A sophisticated production of Chekhov's classic that revels in its ambiguities.
The reflection from the lake dutifully constructed by set designer Tungsten Tang at the front of the ADC stage casts a fractured light upon The Seagull's characters, presenting them as no more than broken pieces with sharp edges, matching the spiky, fragmented, and shallow personalities depicted. The performances offer mere remnants of the inspiring creatives we are adamantly told we are dealing with throughout the play’s narrative, as the characters remark on each other’s relative artistic success. A metatheatrical excavation of the human behind the art, after 145 minutes of incredibly slick but slow-paced drama directed by Mimi Pattinson, Chekhov’s play finds very little to be salvaged.
It is difficult to locate the tone of The Seagull: it presents us with insufferable artists whose work offered in glimpses is laugh-producing in its attempts to be profound and simultaneously expects us to lament as these characters become swallowed by their creative torment. The tragedy and comedy of this piece don’t operate complimentarily but, rather, contradictorily. In many cases, this begs us to entirely change our outlooks on characters, which is a lot to ask of an audience that struggles to commit to either end of the spectrum. The absence of convincing extremes is partly due to one-dimensional performances that leave us wanting more from lead characters. Without magnetism, it is hard to sympathise with the protagonist Konstantin’s (Ollie Flowers) creative endeavours and trials as being anything more than what his competitor Trigorin (Jacob Benhayoun) regards a ‘tantrum’.
An outlier from this trend, however, was Eirlys Lovell-Jones in her portrayal of the witty and highly self-conscious actress Arkadina. Flitting seamlessly between heart-breaking desperation and self-indulgent humour, she compels the audience’s utmost attention whenever on stage. Her persuasive glimpses of vulnerability match her self-protective narcissism so that, in moments of callous cruelty, we rapidly forgive her.
Lovell-Jones also facilitates moments of spine-tingling chemistry with those she appears with, forming the play’s most memorable scenes. Arkadina’s candour-turn-cunning actorly manipulation of lover Trigorin following his stinging suggestion that she ‘step aside’ is a gasp-inducing moment; her frivolous dismissal of Masha is cutting (Irisa Kwok); most poignant, however, is her confrontation with son Konstantin, Arkadina’s sharp accusations of his creative weakness and parasitic nature inducing him to collapse in tears in a rare moment of evocative vulnerability from Ollie Flowers. The blocking of the two, crouched down before the dining room table, clutching onto each other, eye-to-eye with despair, engendered an almost-romantic agony, read as Freudian in line with Konstantin’s constant desire to impress his mother.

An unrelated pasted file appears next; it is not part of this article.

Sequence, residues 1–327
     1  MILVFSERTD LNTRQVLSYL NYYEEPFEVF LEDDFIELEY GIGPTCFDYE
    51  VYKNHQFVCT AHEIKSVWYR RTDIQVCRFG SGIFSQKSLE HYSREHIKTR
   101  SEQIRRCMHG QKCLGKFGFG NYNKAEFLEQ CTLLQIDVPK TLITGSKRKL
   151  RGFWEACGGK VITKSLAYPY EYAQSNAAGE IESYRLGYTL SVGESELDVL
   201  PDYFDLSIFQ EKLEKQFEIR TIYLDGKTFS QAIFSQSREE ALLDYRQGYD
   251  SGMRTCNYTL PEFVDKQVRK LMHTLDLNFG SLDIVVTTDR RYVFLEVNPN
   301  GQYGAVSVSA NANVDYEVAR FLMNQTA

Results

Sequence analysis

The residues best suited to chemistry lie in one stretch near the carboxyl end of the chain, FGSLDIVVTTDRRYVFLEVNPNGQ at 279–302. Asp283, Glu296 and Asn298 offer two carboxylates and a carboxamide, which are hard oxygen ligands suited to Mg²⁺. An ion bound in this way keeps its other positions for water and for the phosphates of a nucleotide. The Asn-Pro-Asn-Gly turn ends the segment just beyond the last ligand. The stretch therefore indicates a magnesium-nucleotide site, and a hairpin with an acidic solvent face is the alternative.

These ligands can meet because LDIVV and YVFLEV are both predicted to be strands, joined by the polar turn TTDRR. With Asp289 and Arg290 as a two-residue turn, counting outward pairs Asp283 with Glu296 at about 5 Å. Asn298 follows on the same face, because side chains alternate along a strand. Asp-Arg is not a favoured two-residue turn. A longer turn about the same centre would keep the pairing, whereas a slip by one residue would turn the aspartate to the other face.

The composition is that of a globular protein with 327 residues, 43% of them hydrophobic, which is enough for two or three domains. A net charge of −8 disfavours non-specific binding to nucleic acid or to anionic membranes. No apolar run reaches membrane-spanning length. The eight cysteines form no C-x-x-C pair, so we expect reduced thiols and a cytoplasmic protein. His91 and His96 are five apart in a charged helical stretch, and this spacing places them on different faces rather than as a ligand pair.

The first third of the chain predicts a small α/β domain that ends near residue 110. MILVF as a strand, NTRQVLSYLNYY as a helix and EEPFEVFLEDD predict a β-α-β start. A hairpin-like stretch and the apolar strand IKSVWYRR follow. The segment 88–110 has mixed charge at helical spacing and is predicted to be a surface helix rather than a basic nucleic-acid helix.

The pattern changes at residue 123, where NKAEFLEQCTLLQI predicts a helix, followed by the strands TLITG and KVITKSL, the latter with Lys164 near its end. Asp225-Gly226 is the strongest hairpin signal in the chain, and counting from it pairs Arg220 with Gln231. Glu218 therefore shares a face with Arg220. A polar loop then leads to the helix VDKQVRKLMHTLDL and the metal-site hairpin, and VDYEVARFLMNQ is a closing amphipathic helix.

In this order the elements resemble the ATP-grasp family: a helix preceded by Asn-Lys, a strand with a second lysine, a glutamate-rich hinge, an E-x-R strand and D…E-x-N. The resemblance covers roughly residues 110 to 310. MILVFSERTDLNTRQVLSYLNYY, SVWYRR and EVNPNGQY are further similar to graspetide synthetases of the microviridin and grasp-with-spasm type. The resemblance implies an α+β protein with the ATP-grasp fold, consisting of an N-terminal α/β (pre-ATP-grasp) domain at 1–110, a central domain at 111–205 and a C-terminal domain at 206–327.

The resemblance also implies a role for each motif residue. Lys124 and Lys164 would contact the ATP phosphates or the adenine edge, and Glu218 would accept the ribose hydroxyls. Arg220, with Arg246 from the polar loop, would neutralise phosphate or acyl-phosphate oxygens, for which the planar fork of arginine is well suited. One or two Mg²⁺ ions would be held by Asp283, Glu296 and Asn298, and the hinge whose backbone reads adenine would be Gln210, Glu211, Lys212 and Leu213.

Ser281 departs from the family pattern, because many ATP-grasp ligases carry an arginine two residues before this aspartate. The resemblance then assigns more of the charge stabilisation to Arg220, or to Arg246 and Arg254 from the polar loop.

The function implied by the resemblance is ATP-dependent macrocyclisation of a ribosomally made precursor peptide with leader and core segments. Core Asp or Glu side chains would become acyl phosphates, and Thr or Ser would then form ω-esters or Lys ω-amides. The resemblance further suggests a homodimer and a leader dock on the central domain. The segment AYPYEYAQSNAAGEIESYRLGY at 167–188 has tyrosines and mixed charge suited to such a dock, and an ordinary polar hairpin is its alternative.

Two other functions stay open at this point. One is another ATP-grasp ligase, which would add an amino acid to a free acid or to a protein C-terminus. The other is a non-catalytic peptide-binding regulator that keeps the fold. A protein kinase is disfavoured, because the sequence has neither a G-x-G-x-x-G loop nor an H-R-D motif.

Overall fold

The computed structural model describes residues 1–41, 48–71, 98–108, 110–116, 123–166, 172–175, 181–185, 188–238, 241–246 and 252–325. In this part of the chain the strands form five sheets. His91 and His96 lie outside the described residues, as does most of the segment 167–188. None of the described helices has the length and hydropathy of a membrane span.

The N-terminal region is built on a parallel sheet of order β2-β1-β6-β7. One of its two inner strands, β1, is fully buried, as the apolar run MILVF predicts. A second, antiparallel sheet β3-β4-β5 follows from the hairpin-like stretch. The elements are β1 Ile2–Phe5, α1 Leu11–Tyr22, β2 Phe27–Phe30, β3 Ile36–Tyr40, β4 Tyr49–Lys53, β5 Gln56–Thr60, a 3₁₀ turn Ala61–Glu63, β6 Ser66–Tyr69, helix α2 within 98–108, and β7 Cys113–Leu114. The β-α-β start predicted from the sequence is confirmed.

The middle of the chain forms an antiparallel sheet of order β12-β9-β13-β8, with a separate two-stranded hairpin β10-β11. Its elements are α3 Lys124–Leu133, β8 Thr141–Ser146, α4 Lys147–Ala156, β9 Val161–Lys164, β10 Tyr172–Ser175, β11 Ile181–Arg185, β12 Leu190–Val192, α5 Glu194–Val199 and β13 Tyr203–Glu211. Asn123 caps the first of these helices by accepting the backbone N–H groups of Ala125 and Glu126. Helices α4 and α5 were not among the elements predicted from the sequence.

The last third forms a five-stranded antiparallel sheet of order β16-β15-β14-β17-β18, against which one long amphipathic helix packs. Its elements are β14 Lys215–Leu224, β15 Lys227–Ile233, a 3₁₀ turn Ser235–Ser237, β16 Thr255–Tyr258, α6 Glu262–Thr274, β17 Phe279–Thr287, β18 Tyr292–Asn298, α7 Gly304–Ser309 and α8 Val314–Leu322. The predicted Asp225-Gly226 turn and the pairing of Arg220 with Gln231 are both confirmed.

Ex-lawyer Sorin (Isaac Jackson) and his doctor, Dorn’s (Liam McMillan), exchanges of banter emanated a light of humanity in the play seldom found elsewhere, their contempt for each other breeding into friendship as the former became visibly more unwell. This shift was complemented elegantly in the second half’s set change, Sorin now occupying a makeshift bed on a chaise longue as the other characters moved frantically between dining table and desk amidst their reunion.
Liam McMillan as Dorn was an unassuming talent. His first moment on stage, in which Polina (Imogen Gray) remarks that he was 55, despite visibly being the younger of the two actors, provides unwritten humour; and yet, by the end of the next scene, his mannerisms and excellent tone of voice had me fully convinced of his seniority. McMillan’s earnestness of character is built throughout the play, constructing a platform from which his attempted kindness in the deliverance of The Seagull’s final tragic lines is made all the more heartbreaking.
This sophisticated production of Chekhov’s classic, lifted in mood by its evocative symbolic staging and lighting, revels in its ambiguities. Whether purposeful or not, it provides no definite conclusions and leaves no one in the arts safe—though I’m sure this excellent cast and crew provide an exception to The Seagull’s self-referential critique.
The Seagull is on at the ADC Theatre until 20th May 2023.
Photo credit: Charlotte Conybeare